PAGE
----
India is no exception when it comes to the consumption of Kpop. Koreans were, however, unaware of Kpop lovers in India until one day, when the Rolling Stones India published an interview with Rap Monster (RM), the leader of BTS, the biggest boy band in the world. It was an ordinary interview but its reception by Indian Kpop-fanatics was not. The sheer volume of the response to that interview crashed the servers of Rolling Stone, and that too within minutes.
Seeing such a response from India, VH1 launched K-Popp’d on September 16th, 2017—India’s first-ever music segment that is solely dedicated to Kpop. Today, not only do Indians appreciate Kpop, a group of boys from Mizoram called Immortal Army, inspired by the artform won the best dance prize at the Kpop World Festival that was held in Changwon, South Korea in the year 2017.
An interesting historical documentation shows us that the influence of Korean culture dates back to the early 2000s and for the most part, it originated in the Northeast. In 2000, the Manipur Revolutionary People’s Front, an armed secessionist group, banned Hindi films and TV shows in the state leaving no means of entertainment for the public and as an attempt to stop the Indianisation of the north-eastern states, they also banned people from speaking Hindi.
The cable network in Manipur began broadcasting channels like Airarang TV and KBS World which introduced them to Korean Drama. Connected through ancestral affiliations with the Mongoloids and similar family values, people connected with the Korean Culture and soon embraced it.
Another major aspect of Kpop is the superficial beauty. South Koreans are extremely conscious of their beauty standards. If you check out any Kpop band, the artists will look like porcelain dolls with perfect features and spotless skin without a speck of fat on their bodies. They go through extensive regimes to stay in shape and countless beauty products to retain their glow.
The beauty industry in Korea is estimated to generate about 7 billion dollars in 2020 and has contributed to a massive boom in the economy. Koreans go through plastic surgeries so matter-of-factly that their parents often gift their children plastic surgeries for their 18th birthday. It is no surprise that South Korea is known as the plastic surgery capital of the world.
Kpop stars have also been ambassadors of the Korean Fashion industry celebrated as one of the most influential in the world. You might notice the youth with blue hair, blue outfits and blue eyes. Their unique dressing and hairstyles sometimes make it easy for their fans to identify their favourites from a distance.
One of the major reasons why Kpop bands have such a strong fan base is due to their smart social media handling. In a week of browsing and going through the enormous content on their YouTube channels, you can find out what food items they like, their favourite songs, even what grooming products they use. Fans feel so connected to the band members that they feel as if they are a part of it.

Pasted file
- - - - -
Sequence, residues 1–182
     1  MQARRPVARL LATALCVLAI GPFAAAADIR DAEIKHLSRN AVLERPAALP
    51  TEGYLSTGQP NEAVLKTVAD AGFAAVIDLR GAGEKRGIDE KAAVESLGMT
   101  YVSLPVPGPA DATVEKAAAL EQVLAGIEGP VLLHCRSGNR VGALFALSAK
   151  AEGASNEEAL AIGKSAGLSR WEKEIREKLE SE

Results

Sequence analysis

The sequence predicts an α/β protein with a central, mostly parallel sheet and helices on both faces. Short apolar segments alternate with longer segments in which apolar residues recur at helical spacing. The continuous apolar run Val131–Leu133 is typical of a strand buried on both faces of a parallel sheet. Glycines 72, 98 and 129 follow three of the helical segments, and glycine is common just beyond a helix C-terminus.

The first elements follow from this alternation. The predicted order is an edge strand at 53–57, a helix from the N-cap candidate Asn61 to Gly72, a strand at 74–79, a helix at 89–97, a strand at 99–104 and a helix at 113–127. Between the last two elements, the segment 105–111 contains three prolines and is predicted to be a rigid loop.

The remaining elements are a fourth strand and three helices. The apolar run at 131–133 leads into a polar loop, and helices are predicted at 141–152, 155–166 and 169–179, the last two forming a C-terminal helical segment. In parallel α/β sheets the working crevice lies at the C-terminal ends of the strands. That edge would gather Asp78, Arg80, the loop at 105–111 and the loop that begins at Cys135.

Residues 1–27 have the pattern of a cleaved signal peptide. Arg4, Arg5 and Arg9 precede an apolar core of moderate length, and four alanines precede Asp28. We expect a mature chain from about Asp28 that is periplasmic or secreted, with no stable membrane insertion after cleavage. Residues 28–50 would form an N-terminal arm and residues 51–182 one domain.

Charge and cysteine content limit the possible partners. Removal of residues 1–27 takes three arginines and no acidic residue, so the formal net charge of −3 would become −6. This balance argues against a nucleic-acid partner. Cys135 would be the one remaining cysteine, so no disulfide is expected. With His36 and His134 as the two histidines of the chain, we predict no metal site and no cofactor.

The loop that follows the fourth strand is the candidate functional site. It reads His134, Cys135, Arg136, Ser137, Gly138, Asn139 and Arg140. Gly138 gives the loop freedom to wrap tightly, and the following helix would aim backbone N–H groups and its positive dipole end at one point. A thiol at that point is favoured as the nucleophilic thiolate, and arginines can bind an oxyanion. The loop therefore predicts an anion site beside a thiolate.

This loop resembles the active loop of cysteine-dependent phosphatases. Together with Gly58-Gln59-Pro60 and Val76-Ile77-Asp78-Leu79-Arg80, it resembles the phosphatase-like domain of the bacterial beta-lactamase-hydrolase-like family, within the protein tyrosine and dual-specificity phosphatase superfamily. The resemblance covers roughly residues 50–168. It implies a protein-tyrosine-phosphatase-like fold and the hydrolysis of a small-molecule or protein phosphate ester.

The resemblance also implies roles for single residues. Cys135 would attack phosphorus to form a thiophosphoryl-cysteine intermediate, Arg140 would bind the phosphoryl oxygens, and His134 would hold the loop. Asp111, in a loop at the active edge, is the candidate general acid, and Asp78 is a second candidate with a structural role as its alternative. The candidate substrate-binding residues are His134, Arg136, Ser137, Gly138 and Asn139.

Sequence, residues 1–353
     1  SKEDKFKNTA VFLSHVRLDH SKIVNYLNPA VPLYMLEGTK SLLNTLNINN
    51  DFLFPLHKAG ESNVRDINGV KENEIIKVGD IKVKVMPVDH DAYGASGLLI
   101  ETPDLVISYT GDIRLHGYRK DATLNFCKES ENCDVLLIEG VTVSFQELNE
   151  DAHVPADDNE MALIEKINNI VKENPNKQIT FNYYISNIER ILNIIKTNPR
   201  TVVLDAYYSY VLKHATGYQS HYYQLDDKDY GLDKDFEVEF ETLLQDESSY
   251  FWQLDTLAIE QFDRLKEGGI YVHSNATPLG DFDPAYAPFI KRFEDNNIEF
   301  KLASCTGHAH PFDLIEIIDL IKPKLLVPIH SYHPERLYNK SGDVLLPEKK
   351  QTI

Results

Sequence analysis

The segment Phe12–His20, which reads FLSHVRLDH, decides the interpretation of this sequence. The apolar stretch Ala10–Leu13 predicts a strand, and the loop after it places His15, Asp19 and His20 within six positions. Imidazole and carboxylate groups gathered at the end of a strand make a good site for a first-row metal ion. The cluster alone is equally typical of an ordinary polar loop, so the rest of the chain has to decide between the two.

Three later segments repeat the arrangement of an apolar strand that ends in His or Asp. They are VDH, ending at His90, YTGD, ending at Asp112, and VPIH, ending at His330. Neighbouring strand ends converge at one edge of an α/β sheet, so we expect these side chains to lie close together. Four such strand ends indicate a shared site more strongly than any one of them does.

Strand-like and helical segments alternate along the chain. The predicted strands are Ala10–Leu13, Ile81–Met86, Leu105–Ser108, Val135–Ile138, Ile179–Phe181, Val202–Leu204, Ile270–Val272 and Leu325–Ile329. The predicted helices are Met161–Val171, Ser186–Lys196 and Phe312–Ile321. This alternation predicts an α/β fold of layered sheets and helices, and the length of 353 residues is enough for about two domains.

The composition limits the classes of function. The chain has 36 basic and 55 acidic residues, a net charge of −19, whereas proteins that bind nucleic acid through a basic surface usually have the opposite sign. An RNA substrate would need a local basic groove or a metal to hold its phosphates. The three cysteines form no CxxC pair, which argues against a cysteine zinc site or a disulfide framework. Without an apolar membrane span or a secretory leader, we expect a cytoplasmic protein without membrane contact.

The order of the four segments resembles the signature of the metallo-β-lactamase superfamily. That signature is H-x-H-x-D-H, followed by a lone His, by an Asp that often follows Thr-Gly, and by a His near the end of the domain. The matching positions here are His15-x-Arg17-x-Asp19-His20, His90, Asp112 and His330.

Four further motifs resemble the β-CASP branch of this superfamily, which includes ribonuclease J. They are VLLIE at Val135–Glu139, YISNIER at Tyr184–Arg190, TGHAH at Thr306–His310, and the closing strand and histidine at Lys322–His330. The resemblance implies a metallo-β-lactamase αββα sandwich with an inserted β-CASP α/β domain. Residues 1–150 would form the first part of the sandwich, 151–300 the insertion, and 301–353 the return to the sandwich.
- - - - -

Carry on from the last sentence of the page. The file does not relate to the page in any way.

Some bands have also come up with their own reality TV shows. The ‘Blackpink House’ is a South Korean variety show which documents the everyday life of the leading Kpop girl band, Blackpink. BTS has also come up with their own variety web series called Run BTS!, and a movie named Burn The Stage.
Be it dance, music or physical beauty, Kpop has conquered them all and blended them into a perfect concoction of pop-culture that is only rising. Will it become bigger than any other cultures that preceded it? Only future can tell that. But one thing is for sure, Kpop will never seize to amaze us.
Apr 29, 2020
One of India’s most celebrated actors, Irrfan Khan known for his expressive eyes, died after succumbing to a long battle with cancer. He was 54. A gaping void has been left in the Indian film industry as one of India’s…
Apr 23, 2020
While the Globe is streaming free its second dramatic production Romeo and Juliet, today is 23rd April, the day William Shakespeare (1564-1616) is believed to have been born and died. One would seldom find a more spontaneous and intense expression…
May 29, 2019
Let’s know Shubigi Rao, who has recently been selected as the curator for the 2020 Kochi Muziris Biennale, for her “exceptional acumen and inventive sensibilities” The format of the art biennale to showcase contemporary visual art, across the world is modeled on…
May 24, 2019
In this piece 64 year old Dr Yatin Desai, shares with CY his inspiring story of how to scale towering mountains with utmost ease and how this life adventure activity can shape human character and health. Chances are high that…